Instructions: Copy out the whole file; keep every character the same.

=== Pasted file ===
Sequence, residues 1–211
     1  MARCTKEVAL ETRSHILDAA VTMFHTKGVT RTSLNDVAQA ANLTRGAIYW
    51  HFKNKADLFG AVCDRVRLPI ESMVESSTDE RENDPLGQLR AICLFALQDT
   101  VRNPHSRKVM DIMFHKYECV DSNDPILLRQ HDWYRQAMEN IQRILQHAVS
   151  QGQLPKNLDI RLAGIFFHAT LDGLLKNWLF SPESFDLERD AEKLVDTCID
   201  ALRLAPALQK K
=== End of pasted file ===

Sequence, residues 1–211
     1  MARCTKEVAL ETRSHILDAA VTMFHTKGVT RTSLNDVAQA ANLTRGAIYW
    51  HFKNKADLFG AVCDRVRLPI ESMVESSTDE RENDPLGQLR AICLFALQDT
   101  VRNPHSRKVM DIMFHKYECV DSNDPILLRQ HDWYRQAMEN IQRILQHAVS
   151  QGQLPKNLDI RLAGIFFHAT LDGLLKNWLF SPESFDLERD AEKLVDTCID
   201  ALRLAPALQK K